Digital communication and social media have made some of these tasks much easier, but have made others more complicated. It is possible to distinguish internet-supported and internet-based repertoires of action. Internet-supported actions are a continuity of previous forms of mobilisation – instead of handing out leaflets or contacting people via a telephone-tree cascade system, meetings or protest events are announced via websites, on e-mail or via social media. There is no offline equivalent for a hashtag-campaign on social media – this is an example of new internet-based activism.

So how are online- and offline activism related? Some are concerned that online activism decreases the involvement in offline activism and leads to slacktivism or clicktivism. However, others believe that digital prefigurative participation or engaging with an issue online through social media leads to participation in offline protest events. Collective action is based on collective identity (for example, as trade unionists) and organisational structures (for example, the UCU branch), but digitally-enabled activism can  produce connective action which is networked and may not be tied to collective identities, organisational structures and leaders. In the current dispute we can see that hybrid forms of action exist.

In her book, Twitter and Teargas Zeynep Tufekci brilliantly analyses the ‘power and fragility of networked protest’. The power might be quite obvious. When social movements are ignored by the mass media (see for example the lack of mainstream press coverage of the USS-strike) or are censored, digital communication allows the spread of information and can enable citizen journalism.

In 1999, Indymedia was created by independent journalists and activists in the context of the WTO protests in Seattle. Although the website still exists nearly twenty years later, including regional sites in many languages, today Indymedia is hardly known. It has been replaced by the behemoths Twitter and Facebook on which citizen journalism as well as fake news are disseminated. We also see that mass media and social media are not mutually exclusive;  articles and broadcast news media are frequently posted on social media. In addition, not everyone’s tweet or post gets shared, some have far more influence in the digital public sphere than others. Communication on social media raises important questions of verification, and representativeness.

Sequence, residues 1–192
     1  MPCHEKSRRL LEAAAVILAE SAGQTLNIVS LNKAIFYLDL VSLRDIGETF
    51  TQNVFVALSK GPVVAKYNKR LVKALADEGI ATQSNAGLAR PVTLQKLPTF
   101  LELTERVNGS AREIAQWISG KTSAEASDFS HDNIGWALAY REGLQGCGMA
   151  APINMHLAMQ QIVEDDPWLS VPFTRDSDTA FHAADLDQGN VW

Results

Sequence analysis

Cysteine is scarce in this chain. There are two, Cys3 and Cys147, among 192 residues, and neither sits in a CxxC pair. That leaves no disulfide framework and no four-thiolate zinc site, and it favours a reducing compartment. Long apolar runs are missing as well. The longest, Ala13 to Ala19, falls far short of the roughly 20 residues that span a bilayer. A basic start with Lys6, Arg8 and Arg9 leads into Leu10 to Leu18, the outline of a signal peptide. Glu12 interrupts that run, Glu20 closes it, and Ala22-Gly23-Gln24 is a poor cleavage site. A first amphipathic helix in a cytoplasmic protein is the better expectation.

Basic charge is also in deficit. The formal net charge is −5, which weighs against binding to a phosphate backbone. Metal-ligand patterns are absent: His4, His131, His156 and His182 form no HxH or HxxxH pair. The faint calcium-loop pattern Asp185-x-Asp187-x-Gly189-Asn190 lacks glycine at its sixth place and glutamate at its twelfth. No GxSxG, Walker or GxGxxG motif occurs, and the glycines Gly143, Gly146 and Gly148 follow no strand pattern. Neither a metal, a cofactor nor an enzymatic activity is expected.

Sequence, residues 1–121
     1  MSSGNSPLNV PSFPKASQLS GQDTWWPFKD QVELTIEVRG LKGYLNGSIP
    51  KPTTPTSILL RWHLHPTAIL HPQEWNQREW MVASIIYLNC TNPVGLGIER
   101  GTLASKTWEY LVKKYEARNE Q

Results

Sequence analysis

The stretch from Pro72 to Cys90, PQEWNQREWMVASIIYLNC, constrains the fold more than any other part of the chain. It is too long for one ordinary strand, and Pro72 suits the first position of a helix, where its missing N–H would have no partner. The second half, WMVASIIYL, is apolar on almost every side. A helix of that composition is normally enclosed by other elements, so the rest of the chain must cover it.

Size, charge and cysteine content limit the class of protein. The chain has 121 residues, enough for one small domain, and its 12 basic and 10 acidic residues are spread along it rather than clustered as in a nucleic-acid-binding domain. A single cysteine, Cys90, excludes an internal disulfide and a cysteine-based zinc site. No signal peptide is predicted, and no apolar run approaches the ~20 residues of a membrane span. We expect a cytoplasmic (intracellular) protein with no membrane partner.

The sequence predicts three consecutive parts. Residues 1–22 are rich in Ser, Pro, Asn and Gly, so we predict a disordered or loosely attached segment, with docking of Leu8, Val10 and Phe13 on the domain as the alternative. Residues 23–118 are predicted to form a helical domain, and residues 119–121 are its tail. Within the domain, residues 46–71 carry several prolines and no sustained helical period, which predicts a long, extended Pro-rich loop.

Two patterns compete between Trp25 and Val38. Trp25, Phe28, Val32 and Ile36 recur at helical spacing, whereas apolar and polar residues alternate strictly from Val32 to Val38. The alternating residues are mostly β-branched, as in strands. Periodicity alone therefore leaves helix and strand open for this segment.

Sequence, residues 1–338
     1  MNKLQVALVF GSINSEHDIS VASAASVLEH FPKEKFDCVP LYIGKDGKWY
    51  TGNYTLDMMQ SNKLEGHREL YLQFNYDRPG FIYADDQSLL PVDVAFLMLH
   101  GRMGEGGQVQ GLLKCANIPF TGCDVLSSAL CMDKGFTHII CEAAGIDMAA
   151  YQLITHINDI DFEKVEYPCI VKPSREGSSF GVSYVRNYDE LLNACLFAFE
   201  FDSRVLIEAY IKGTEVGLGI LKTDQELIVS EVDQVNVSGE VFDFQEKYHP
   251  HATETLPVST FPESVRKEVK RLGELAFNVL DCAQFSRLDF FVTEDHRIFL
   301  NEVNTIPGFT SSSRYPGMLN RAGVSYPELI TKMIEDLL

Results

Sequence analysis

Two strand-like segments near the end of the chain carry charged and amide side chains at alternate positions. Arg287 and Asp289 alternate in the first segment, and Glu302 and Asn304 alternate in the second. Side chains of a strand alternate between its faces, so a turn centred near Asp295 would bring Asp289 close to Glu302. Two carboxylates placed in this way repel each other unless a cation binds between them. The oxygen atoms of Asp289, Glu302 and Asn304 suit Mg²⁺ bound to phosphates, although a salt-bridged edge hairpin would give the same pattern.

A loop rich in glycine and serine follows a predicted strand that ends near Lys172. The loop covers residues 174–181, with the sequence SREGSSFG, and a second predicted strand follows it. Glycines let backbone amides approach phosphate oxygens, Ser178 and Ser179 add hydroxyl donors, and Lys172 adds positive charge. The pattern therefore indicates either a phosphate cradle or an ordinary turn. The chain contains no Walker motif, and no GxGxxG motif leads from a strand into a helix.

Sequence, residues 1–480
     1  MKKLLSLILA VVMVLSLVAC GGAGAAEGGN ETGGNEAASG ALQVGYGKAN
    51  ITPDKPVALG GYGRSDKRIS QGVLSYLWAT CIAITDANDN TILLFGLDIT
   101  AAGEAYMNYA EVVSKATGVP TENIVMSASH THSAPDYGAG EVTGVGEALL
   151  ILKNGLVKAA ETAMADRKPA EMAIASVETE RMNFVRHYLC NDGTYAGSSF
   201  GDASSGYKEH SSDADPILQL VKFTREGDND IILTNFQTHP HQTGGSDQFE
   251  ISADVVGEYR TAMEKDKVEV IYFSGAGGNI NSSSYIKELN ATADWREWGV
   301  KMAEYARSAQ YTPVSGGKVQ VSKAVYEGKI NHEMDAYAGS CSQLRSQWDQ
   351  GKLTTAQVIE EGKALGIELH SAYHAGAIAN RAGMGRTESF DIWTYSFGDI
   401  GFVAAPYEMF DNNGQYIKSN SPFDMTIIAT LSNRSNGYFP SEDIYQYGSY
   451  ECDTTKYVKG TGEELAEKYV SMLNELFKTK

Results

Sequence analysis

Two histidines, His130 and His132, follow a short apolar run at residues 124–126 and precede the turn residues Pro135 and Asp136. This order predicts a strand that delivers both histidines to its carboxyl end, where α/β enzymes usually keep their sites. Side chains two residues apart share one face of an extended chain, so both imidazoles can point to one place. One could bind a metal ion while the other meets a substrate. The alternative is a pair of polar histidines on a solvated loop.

Tufekci also discusses the impact of digital communication on the leadership, logistics and infrastructure of social movements. New communication technologies allow the kinds of quick dissemination which made the occupation of Gezi Park, Tahir Square and the Occupy camps possible. In contrast, the American civil rights movement required meticulous and lengthy organising over long time-periods. Slow dissemination allowed for capacity building over a longer time-period which created space for extensive discussions outside the public eye – for example concerning tactical shifts, and social movement organisations had a central role in providing an infrastructure for the decision making processes and dealing with dissent and conflict arising from these debates.

In contrast, Tufekci demonstrates how digitally mobilised movements can experience a ‘tactical freeze’ due to the lack of decision-making structures. Connective action is less well placed to deal with disagreement and building trust. Debates are played out publically, and while open debate might be welcome, it can be dominated by a few, prominent, but not necessarily representative voices. Moreover, discussing tactics openly  can signal to opponents where the breaking points in the movement are.

The USS strike has undoubtedly benefited from the existence of social media. While we stood in cold, snow and rain, it was inspiring to know that the picket lines were strong at Universities across the country. Moreover, social media enabled activists to crowd-source information about management practices at the institutions involved in the dispute, and to share information to support the protest. Petitions were circulated and signed, universities were named and shamed. Activists skilfully employed not just open digital spaces but also closed spaces which allowed for strategizing outside the public attention.

One important feature of social media use was the mobilisation of humour to support the strike.  Our own #DinosaurOfSolidarity (@of_dinosaur) has quickly gained 1950 followers (and counting) for example. But social media has also carried serious messages. The outcome of UCU/UUK consultations immediately resulted in the hashtag #NoCapitulation which perhaps influenced the swift rejection of this offer.